The founders of Eternally want to make tough end-of-life decisions easier

Healthtech startup Eternally prompts people to plan for end-of-life care from the comfort of their home and with a trusted healthcare professional.

Eternally cofounders Patrick FitzGerald and Matti Perilstein.

(Courtesy photo)

The founders of healthtech startup Eternally launched the company early last year with the goal of easing some of life’s hardest moments.

Matti Perilstein, who spent about a decade as a consultant in the healthcare space, grew up watching her mom have many difficult conversations with family members during her time running a home health agency. It was specifically in the last days of life that a family member often had to make challenging decisions for a loved one, or were left to interpret legal documents about their end-of-life care.

“If there was ever a challenge, they called her,” Perilstein told “And for a while, I’ve seen a huge opportunity to introduce some technology to help people through these challenging times.”

Perilstein met cofounder Patrick FitzGerald in early 2020 when he was an entrepreneur in residence at healthcare company Vynamic, and the pair decided in June to launch Eternally. The company works with medical care providers to reach patients and walk through the step-by-step process of setting up an advance directive, commonly known as a “living will.”

In that document, a patient details how they’d want end-of-life care to be handled, answering questions such as “What kind of life-sustaining treatment do you wish to receive?” or “Who is chosen as your power of attorney, a person you trust to make difficult medical decisions?”

Eternally offers virtual meetings with healthcare professionals who will give one-on-one consulting and help a patient understand the ins and outs of an advance directive. By allowing these conversations to happen outside of the doctor’s office and virtually, in the comfort of a patient’s home, patients can get a bit more comfortable asking questions or running through scenarios, Perilstein said.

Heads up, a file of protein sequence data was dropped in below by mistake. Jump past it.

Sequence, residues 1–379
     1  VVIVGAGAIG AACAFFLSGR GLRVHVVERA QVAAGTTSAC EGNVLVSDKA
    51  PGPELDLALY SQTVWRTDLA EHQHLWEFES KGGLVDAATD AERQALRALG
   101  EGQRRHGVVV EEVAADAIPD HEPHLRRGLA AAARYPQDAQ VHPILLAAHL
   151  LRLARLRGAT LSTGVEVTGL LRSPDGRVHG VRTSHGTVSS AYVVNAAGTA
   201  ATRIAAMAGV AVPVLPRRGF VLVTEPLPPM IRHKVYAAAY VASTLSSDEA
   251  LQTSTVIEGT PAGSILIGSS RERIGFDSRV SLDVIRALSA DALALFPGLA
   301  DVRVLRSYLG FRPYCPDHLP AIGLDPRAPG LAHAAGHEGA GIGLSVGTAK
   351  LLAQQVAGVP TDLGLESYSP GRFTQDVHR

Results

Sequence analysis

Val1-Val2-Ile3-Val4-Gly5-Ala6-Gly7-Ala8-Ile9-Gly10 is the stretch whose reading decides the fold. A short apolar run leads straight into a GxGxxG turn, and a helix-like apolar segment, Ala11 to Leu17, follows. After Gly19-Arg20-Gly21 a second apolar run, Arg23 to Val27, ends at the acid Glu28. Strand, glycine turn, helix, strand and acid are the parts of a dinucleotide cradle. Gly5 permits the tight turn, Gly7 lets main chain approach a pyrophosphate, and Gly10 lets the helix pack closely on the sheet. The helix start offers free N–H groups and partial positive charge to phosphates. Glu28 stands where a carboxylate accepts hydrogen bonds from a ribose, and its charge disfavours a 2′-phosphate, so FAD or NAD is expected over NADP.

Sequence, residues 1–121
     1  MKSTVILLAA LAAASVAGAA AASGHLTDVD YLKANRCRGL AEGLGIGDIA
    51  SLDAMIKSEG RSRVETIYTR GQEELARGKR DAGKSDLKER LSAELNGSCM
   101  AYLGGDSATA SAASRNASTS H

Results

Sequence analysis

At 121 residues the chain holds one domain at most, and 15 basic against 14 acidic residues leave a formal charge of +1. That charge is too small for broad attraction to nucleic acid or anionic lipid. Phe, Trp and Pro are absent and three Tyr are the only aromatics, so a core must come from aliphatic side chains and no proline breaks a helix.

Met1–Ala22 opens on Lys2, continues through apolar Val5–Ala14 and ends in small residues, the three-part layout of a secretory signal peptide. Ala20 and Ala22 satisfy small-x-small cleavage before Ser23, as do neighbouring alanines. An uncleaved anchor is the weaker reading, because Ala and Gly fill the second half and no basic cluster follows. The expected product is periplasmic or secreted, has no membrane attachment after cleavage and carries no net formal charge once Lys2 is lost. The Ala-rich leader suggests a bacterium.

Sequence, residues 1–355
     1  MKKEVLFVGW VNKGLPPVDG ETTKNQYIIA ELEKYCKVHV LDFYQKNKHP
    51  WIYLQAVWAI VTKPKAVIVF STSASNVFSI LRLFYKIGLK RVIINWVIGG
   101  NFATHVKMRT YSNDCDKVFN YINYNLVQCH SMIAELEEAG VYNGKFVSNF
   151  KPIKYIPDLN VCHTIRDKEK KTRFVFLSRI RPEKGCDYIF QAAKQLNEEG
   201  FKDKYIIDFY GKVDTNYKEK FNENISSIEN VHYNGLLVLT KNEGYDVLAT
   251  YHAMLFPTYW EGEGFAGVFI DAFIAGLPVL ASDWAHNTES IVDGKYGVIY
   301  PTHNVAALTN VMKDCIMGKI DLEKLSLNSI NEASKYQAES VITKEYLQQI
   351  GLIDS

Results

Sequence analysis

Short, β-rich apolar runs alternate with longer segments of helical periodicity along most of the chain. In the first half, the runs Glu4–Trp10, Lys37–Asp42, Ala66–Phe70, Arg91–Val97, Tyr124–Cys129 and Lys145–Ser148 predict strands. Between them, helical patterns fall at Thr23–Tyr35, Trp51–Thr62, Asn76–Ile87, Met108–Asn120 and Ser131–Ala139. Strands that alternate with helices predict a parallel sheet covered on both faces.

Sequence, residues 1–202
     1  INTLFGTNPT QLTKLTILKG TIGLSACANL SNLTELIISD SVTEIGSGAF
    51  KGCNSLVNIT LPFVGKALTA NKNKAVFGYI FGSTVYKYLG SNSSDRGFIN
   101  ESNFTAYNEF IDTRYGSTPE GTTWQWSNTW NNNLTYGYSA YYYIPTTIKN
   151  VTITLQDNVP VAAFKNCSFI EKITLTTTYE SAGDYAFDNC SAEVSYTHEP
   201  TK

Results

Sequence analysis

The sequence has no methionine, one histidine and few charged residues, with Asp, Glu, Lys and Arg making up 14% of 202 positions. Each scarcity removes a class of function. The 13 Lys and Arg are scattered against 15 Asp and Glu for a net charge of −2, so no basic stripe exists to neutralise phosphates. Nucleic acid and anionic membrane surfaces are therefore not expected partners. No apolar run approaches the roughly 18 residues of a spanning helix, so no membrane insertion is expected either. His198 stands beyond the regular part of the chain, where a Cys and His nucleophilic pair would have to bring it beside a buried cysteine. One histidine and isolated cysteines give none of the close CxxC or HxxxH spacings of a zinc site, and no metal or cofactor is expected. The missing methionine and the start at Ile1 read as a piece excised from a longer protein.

Most adults are encouraged to have an active advance directive, but many don’t put thought into their end-of-life care until something close to them experiences a serious health event.

“We don’t expect 18-year-olds to be thinking about it, but you probably will if you’ve recently gone through a scare,” Perilstein said. “This conversation usually starts because there’s some sort of prompting.


And in the last year, the coronavirus pandemic has made clear how important these decisions are, she added.

Perilstein and FitzGerald work with a small tech and marketing team to build out the Eternally platform, which, like other healthtech companies, has to keep intense privacy and security demands in mind. The company has used DocuSign in order to remove some tech barriers like fax machines or printers, which not everyone has at home.

Patients will often be be linked with Eternally though their healthcare provider, but anyone can seek out an appointment through the company’s website. Services are reimbursable through Medicare or some insurance, or users can pay out of pocket.

The small team has raised some money from angel investors and plans to expand fundraising this year. They’re currently working with a large health system in Delaware, which they declined to name, and aim to partner with 10 new health systems by the end of the year.

“We believe we’re changing the way people can ask questions and change the conversation around this end-of-life care,” Perilstein said.

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